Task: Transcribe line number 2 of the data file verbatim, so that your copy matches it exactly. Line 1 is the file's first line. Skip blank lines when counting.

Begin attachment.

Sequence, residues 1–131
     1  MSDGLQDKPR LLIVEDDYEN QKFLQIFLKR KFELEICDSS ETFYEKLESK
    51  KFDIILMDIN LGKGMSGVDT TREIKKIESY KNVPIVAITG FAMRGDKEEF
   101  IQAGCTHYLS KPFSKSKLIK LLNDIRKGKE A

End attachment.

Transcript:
     1  MSDGLQDKPR LLIVEDDYEN QKFLQIFLKR KFELEICDSS ETFYEKLESK